The success of corporate acquisitions is never guaranteed. Too many things can go wrong. Deals often look better on paper than they do in real life. Planned strategies falter. Hoped-for synergies are DOA. Executive power plays cause long-range damage. Key employees feel unloved and seek greener pastures.
Plus, there’s simple poor planning or execution. An acquiring company may believe that the object of its attentions offers assets, people and capital that can aid its own endeavors. But, after the deal is done, it never properly or fully does what’s necessary to gain the full benefits of the investment. The practical effect is the business equivalent of a sugar rush. A few months of “Whoa, mama! How fast can this sucker go?” ending with a “Thelma and Louise”-style flameout.
It happens to even highly successful companies, often time and again, with Hewlett Packard Enterprise (HPE) being a notable example. Though its recent purchase of legendary supercomputing leader Cray has been widely lauded, the history of HPE’s acquisitions suggests a more cautious approach is warranted, especially when it comes to supercomputing. Let’s consider that more closely.
On paper, HPE’s purchase of Cray for about $1.3 billion makes eminent strategic sense. According to Antonio Neri, HPE’s president and CEO: “By combining our world-class teams and technology, we will have the opportunity to drive the next generation of high-performance computing and play an important part in advancing the way people live and work.”
Consider the acquisition-first terms of the overall market. In announcing the Cray deal, HPE cited research suggesting that high performance computing (HPC) system sales, including associated storage and services, is expected to expand at a 9% CAGR to about $35 billion in 2021. Plus, during the coming half decade, more than $4 billion will be awarded (usually by government agencies or research institutions) for massive exascale HPC installations.
Those are attractive opportunities, and owning Cray is certain to improve HPE’s competitive outlook. Why so? Mainly because Cray is a standout in current high-end HPC systems. In the most recent (November 2018) Top500 list of the world’s fastest supercomputers, Cray technologies account for 51 installations. But more than half of those (26) are in the top 100 systems, fifteen are in the top 50, five are in the top 20 and three are in the top 10. Moreover, its success in high-end installations and technological excellence make Cray the leading Top500 vendor in terms of its listed systems’ combined performance.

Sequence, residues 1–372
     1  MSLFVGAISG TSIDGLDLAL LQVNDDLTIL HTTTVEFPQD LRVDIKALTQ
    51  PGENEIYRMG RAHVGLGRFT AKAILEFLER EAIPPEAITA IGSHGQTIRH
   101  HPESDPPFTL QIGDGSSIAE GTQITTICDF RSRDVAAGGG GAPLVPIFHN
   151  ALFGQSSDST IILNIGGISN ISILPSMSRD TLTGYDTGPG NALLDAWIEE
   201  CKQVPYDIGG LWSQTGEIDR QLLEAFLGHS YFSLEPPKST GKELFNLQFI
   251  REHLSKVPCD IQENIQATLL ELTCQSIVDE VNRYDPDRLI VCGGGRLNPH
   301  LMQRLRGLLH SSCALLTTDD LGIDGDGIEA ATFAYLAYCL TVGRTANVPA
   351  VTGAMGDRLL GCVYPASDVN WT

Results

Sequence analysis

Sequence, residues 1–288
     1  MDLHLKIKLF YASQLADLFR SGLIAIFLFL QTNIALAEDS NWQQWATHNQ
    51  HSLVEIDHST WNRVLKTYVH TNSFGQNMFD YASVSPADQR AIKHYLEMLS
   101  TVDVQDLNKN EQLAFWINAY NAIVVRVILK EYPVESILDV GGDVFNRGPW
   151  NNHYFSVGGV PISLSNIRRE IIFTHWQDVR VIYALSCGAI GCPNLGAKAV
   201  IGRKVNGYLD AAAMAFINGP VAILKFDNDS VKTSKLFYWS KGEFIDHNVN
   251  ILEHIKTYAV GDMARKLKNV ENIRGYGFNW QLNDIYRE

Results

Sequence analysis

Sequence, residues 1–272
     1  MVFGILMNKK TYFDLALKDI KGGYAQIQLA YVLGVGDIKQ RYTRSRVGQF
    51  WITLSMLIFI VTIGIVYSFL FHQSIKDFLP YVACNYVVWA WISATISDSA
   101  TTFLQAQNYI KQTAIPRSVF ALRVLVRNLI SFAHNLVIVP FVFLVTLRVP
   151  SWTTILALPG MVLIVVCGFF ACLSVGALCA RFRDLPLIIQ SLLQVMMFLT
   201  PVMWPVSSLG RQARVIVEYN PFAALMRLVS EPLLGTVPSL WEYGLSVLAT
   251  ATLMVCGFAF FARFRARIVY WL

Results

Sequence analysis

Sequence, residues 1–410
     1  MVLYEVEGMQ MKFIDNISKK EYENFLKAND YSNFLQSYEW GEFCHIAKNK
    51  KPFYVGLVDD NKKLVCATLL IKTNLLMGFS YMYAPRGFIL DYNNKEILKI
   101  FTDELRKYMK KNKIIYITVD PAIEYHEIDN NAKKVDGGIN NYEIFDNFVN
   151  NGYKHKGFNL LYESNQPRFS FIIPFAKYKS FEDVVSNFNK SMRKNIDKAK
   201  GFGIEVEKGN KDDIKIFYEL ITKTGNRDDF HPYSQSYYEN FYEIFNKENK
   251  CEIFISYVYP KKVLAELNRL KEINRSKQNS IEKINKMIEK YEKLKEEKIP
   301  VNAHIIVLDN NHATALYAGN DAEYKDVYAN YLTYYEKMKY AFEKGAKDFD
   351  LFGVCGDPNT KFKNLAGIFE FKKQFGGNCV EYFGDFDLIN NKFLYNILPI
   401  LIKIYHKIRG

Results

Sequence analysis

Cray also has a host of technologies and commitments of value to HPE. The company’s new Shasta system architecture and Slingshot interconnect are central to the $600M+ exascale supercomputer contract that the company and AMD were recently awarded by the U.S. Department of Energy’s (DoE’s) Oak Ridge National Laboratory. Cray was also part of an award (with Intel) for an exascale contract from the U.S. DoE’s Argonne National Laboratory, with Cray’s portion valued at more than $100 million.
In other words, for a modest (at least by recent IT acquisition standards) $1.3 billion, HPE is substantially raising its HPC profile and street cred, getting a raft of high-end technologies and gaining access to new supercomputing customers and future projects.
Sounds great. So why do I believe that the deal should be approached with caution? In general, due to HPE’s long history of failed acquisitions, such as Compaq, EDS and Autonomy. But more troubling is the 2016 acquisition of HPC and supercomputing vendor SGI.
Prior to buying SGI, HPE was the leading vendor on the Top500 with 127 listed installations, but its highest ranked systems were #47 and #48. Moreover, only about a fifth of HPE’s installations were listed in the top 200 systems, and a third were in the bottom 100. In sharp contrast, while SGI had just 25 systems on the Top500, its highest-performing system ranked #11, and it had two systems in the top 20, five in the top 50, nine in the top 100 and eighteen in the top 200.